1685 - Plan to Save Navy
Early in November Samuel Pepys requested Sir Anthony Deane to propose a plan to save the Navy. His report was that out of a total of 179 ships of all sizes 142 were unfit for service. He proposed that for regular quarterly payments amounting to £400,000 (less than was currently being wasted by the Navy Board) he would repair all ships, equip a peacetime guard of 4,000 men in winter and 6,000 in summer. Financing was to be spread over 3 years during which time he would build two ships a year and complete three new 4th rates on the stocks. Deane, with a family of 15 children asked for a salary of £1,000 a year with was eventually approved after the Lord Treasurer tried to get him to accept £500 a year. A Royal Warrant was issued and the Dockyards were galvanised into activity completing the whole programme months ahead of schedule.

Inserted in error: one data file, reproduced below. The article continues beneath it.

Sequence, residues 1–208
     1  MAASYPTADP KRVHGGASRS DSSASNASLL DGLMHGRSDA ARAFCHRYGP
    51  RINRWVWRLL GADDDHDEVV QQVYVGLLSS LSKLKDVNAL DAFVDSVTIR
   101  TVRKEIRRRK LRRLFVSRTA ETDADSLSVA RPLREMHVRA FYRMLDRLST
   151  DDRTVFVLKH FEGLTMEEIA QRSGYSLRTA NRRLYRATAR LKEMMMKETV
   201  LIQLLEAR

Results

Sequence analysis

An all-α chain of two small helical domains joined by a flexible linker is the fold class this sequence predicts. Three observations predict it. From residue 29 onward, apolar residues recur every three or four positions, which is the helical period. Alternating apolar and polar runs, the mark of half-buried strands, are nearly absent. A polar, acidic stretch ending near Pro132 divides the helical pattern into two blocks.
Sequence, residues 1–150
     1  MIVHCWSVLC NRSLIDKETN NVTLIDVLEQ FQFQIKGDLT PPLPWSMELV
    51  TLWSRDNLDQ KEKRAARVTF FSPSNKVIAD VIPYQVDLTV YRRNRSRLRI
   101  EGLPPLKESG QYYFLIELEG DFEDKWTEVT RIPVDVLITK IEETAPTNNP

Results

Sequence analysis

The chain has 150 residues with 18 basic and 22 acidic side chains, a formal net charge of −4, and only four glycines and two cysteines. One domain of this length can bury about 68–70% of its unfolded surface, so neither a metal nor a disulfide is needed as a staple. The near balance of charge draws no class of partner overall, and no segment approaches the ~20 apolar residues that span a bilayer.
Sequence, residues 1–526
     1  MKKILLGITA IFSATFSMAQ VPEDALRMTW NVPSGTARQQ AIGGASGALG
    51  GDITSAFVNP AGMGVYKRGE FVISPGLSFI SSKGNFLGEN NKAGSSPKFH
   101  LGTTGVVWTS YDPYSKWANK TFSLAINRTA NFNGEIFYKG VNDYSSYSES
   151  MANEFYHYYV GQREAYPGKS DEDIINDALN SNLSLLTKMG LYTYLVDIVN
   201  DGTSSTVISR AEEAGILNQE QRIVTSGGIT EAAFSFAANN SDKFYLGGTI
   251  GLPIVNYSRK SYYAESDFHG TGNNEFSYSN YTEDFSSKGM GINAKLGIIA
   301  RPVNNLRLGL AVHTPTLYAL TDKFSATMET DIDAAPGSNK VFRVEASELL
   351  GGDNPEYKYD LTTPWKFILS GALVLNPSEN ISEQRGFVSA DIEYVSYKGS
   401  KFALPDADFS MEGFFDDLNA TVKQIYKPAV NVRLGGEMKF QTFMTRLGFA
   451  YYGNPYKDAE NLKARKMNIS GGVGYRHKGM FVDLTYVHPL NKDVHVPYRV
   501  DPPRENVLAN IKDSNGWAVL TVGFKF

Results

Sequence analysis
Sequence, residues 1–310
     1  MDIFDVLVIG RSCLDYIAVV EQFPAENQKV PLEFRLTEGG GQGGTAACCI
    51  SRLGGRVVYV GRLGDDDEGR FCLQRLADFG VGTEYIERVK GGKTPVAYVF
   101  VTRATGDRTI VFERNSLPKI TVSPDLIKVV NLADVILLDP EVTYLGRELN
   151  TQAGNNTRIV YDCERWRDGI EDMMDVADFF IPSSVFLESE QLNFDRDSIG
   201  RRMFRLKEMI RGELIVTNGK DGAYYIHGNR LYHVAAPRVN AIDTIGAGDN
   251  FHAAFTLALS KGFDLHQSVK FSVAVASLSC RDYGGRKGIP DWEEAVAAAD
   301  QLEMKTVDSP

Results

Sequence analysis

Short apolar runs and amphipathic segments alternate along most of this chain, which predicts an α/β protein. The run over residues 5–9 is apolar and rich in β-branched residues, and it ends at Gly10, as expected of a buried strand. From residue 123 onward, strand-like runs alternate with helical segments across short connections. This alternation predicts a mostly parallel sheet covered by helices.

£12,185 voted by Parliament to the spent on a new dock, wharves and storehouses in the Dockyard. One dry dock repaired and a further dry dock added together with 20 new storehouses and additional wharves. (See 1689). King James I inspected the Dockyard accompanied by Samuel Pepys and John Evelyn.
It was reported that 32 Men of War in harbour but unfit to sail. 18 Frigates hastily made ready for sea to trap the Duke of Monmouth in Lyme Bay.
Navy consisted of 179 ships and lesser craft of 103,558 tons in total. Only 37 ships were fit for service.
Camber Bastion and magazine built at about this date. (Site of new housing development in Oyster Street).